Chatfé and Chatroulette have two other major differences. Firstly, Chatfé is purely audio and conducts all interactions via phone, unlike Chatroulette, which incorporates video. While you must user your own phone to conduct these calls, Chatfé calls both users and connects them to begin the conversation so that no personal information is exchanged and no one’s personal phone number is seen via caller ID.
Secondly, on Chatfé you have to register, whereas with Chatroulette, you just type in the URL and go. The registration is part of Chatfé’s efforts to make their networking platform safe. They continually state that everything is done in a secure way that protects your privacy. Paul notes that, “If you try both, you’ll see that Chatfé and Chatroulette aren’t that similar. And there’s a time and place for both.”
Paul said that the idea to start Chatfé came from their CTO, Steve Wang, who 10+ years ago received a call from a wrong number, but instead of hanging up, he ended up having a great conversation for 30 minutes. He thought: what if we could give people that experience whenever they wanted and let them ask questions, give advice, talk about whatever they wanted, in a safe and fun way? And thus, Chatfé was born.
In my post on Chatroulette, I noted that some people have expressed a dislike for the service due to inappropriate behavior, and when I asked Paul if he anticipates any similar situations with Chatfé, he commented that, “the user behavior you get on Chatroulette is predictable and due to the fact that their site design encourages it. It’s not that all the perverts in the world decided to go there; it’s more that the site helps bring out that behavior. It’s easy to ‘next’ people and video means that decisions can be made purely on an immediate visceral reaction. So, while it is possible to have a good talk on Chatroulette, lots of people are likely to hit ‘next’ before the talk even has a chance.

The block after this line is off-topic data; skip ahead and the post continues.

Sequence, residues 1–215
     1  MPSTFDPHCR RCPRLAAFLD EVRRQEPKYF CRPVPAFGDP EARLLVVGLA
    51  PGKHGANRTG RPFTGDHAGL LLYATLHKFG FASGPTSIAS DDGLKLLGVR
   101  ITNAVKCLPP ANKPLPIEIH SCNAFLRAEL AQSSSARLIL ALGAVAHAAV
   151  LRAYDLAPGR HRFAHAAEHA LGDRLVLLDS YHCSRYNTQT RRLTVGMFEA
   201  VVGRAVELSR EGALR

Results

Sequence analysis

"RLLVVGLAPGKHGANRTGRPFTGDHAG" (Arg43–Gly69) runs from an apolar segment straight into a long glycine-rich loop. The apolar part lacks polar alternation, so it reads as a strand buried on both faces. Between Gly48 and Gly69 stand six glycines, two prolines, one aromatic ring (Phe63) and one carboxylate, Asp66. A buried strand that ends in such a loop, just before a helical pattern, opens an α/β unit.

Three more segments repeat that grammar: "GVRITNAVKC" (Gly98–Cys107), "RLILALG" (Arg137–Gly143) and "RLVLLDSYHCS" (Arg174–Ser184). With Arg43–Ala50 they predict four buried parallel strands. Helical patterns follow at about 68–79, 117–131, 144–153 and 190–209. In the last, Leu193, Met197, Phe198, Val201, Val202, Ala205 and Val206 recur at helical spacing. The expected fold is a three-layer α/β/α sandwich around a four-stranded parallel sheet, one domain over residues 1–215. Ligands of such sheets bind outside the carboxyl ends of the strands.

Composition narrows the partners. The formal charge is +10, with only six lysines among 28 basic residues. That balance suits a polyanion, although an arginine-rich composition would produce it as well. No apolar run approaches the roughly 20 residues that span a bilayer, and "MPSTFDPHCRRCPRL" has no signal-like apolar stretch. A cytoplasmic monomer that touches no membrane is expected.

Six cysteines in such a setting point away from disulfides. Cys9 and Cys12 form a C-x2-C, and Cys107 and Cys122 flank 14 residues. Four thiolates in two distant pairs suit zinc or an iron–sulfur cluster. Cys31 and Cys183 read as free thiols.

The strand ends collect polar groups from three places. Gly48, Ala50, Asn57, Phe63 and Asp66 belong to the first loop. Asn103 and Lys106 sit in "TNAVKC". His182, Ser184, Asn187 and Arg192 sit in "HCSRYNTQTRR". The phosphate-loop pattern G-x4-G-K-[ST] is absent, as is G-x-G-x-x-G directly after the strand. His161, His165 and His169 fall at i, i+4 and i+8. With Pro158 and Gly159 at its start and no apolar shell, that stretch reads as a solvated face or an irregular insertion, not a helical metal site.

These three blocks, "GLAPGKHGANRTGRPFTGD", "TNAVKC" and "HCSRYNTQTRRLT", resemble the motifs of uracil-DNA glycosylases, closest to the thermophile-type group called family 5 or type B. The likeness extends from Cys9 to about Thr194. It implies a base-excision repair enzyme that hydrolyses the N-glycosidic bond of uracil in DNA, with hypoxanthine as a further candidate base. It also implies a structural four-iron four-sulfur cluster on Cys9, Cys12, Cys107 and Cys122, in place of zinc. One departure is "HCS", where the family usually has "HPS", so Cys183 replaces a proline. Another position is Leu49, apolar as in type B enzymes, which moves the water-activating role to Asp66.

“I’ve seen statistics saying that the average length of a user interaction on Chatroulette is around 5 seconds, at least for men. But on Chatfé, the average length of talks is about 5 minutes. To me, that says that people are enjoying their talks and they are making the effort to communicate, listen, answer questions, and, in short, do all the things that they would normally do.
“Because of the way we built Chatfé, we haven’t had a problem with abusive behavior. We don’t listen in, but we talk to our users about their experiences. If there is ever abusive behavior and we get complaints, we can simply block the offending phone number. So far, behavior is overwhelmingly positive.”
This is a very new and interesting concept, one which you’d presumably have to assume at least some level of risk when connecting with strangers to try and generate meaningful conversation out of thin air. And, though Chatfé is still very new and was only just recently opened up to the public as a beta version, it’s quite common for social networks such as this to evolve over time as companies realize how it’s most being used, what it’s most being used for, what audiences make the most of it, etc. Already, Paul sees potential for this to happen with Chatfé, saying, “It’s great to start with a direction in mind and the best companies actively listen to their users, learn and adapt. Just look at how Twitter evolved past its origin.” Indeed! So while it has begun as a conversation platform, who knows where it will be in a matter of years, or even months?
Stay tuned for part 2 of my interview with Paul Orlando, CEO of Chatfé!